A first ride review of the new Pinarello Dogma F: An exceptional bike, but the gains are too marginal

Utterly sublime handling, good looks, and lithe climbing feel, but differences to the old model are so small it's hard to justify on paper

A blue Pinarello Dogma F stands on a rock
(Image: © Future)

Early Verdict

A true standout bike in terms of handling characteristics and climbing performance, but insufficiently different from the old model to warrant an upgrade


  • +

    Truly remarkable handling

  • +

    Featherweight and whippy uphill

  • +

    Much improved cockpit


  • -

    It's very, very expensive

  • -

    It's not really much better than the old one on paper

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As per my reflections on the tech trends I expect to see ahead of the Tour de France I find myself yet again penning things in a departure lounge. Press launches are predominantly a chance for brands to show off their latest wares in a carefully crafted environment, and this is never more true than for a flagship bike. The outgoing Dogma F had been a bit of an outlier in its time insofar as it was a ‘one bike’ solution to Ineos Grenadiers' racing needs. Pinarello is quick to point out that other brands have decided to follow suit in recent times, but regardless of what everyone else is doing the new Dogma F takes over as a like-for-like single bike solution for climbing, aero, and Classics duties.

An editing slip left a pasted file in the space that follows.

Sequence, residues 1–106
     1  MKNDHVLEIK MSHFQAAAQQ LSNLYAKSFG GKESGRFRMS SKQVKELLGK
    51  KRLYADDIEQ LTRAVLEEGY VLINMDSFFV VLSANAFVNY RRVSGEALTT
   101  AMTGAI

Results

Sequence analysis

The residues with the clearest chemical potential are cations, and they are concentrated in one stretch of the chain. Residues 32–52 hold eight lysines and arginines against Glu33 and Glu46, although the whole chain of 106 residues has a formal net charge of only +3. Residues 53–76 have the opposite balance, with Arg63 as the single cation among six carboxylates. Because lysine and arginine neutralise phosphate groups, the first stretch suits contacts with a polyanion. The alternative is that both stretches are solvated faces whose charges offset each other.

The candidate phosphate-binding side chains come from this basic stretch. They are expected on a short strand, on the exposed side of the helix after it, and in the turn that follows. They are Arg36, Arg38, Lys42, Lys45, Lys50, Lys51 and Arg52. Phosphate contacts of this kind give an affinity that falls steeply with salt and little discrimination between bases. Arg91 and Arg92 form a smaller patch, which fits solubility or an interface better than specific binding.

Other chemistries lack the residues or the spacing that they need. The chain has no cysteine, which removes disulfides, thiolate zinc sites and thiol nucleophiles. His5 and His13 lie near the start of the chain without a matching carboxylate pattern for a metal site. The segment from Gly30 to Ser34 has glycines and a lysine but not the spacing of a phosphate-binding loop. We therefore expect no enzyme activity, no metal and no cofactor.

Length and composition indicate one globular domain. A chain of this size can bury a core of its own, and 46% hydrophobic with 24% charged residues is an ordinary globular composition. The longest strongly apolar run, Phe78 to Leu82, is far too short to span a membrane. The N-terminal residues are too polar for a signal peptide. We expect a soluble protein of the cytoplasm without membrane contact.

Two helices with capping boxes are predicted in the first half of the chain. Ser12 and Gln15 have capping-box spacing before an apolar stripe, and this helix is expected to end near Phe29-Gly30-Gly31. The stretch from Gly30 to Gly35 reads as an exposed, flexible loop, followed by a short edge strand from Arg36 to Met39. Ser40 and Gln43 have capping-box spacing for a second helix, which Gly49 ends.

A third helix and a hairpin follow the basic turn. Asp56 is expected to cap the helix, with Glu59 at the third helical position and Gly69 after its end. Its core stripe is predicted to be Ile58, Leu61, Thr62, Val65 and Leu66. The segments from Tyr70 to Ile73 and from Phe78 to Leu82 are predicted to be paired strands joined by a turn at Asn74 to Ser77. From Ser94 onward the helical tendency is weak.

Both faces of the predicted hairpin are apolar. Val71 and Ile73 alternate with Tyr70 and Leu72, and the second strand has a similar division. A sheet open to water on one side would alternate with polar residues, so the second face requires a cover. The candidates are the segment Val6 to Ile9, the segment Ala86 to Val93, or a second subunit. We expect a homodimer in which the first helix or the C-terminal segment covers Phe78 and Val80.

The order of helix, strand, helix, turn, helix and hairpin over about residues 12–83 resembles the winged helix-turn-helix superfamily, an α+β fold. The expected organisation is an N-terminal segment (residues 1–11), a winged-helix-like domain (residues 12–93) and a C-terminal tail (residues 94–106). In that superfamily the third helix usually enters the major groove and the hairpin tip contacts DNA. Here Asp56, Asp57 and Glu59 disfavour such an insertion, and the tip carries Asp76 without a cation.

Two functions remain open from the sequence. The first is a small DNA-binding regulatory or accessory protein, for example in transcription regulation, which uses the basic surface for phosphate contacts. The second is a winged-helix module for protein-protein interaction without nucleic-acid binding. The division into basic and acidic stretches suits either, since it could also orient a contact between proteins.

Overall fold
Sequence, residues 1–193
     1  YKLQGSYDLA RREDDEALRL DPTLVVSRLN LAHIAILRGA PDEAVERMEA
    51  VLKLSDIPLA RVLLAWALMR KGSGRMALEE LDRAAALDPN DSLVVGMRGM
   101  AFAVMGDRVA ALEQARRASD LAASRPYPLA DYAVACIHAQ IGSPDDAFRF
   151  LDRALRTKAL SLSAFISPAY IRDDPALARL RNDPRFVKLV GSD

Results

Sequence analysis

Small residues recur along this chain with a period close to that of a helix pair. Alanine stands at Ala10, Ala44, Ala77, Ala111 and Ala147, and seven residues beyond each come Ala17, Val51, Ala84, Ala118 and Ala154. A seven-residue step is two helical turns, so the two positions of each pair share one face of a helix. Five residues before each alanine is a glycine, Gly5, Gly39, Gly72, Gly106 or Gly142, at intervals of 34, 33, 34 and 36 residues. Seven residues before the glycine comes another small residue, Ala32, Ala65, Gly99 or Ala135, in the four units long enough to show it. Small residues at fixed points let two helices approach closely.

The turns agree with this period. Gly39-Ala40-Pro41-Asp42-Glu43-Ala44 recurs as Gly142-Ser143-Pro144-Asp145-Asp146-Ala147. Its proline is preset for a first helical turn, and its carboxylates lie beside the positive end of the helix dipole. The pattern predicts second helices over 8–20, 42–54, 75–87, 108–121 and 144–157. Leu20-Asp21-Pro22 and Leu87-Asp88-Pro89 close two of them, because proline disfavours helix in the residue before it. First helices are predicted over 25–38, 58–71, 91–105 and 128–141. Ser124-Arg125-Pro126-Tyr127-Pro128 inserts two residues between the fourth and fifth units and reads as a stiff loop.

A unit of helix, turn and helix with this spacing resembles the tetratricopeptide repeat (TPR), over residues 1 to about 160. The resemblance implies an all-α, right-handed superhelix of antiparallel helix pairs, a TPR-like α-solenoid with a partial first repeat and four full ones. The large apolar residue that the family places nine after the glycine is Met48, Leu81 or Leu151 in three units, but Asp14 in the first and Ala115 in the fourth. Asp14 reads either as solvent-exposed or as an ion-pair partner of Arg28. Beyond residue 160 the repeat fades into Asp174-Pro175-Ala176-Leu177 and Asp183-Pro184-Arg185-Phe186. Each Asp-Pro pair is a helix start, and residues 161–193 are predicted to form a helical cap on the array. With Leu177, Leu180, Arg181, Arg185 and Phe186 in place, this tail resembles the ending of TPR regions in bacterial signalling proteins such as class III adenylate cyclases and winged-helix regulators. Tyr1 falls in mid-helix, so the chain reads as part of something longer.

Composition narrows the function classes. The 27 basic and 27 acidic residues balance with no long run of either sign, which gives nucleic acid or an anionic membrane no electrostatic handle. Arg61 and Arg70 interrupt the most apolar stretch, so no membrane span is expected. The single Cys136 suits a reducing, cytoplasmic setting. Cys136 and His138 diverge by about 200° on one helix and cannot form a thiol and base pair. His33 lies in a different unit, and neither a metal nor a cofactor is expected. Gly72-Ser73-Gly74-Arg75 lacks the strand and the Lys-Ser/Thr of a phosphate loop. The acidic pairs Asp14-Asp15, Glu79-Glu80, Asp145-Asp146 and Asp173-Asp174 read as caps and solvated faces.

All the changes and the more technical aspects of the bike are detailed in our new Pinarello F launch story, but for those of you unwilling to get stuck in the weeds of carbon moduli, the headline figures are a 108g weight saving, 40g of which comes from a new cockpit, a 0.2% improvement in the drag coefficient, and an increased tyre clearance up to 30c. As we are increasingly seeing, the changes to bike models are becoming ever more iterative and marginal. 

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Will Jones
Senior Tech Writer

Will joined the Cyclingnews team as a reviews writer in 2022, having previously written for Cyclist, BikeRadar and Advntr. He’s tried his hand at most cycling disciplines, from the standard mix of road, gravel, and mountain bike, to the more unusual like bike polo and tracklocross. He’s made his own bike frames, covered tech news from the biggest races on the planet, and published countless premium galleries thanks to his excellent photographic eye. Also, given he doesn’t ever ride indoors he’s become a real expert on foul-weather riding gear. His collection of bikes is a real smorgasbord, with everything from vintage-style steel tourers through to superlight flat bar hill climb machines.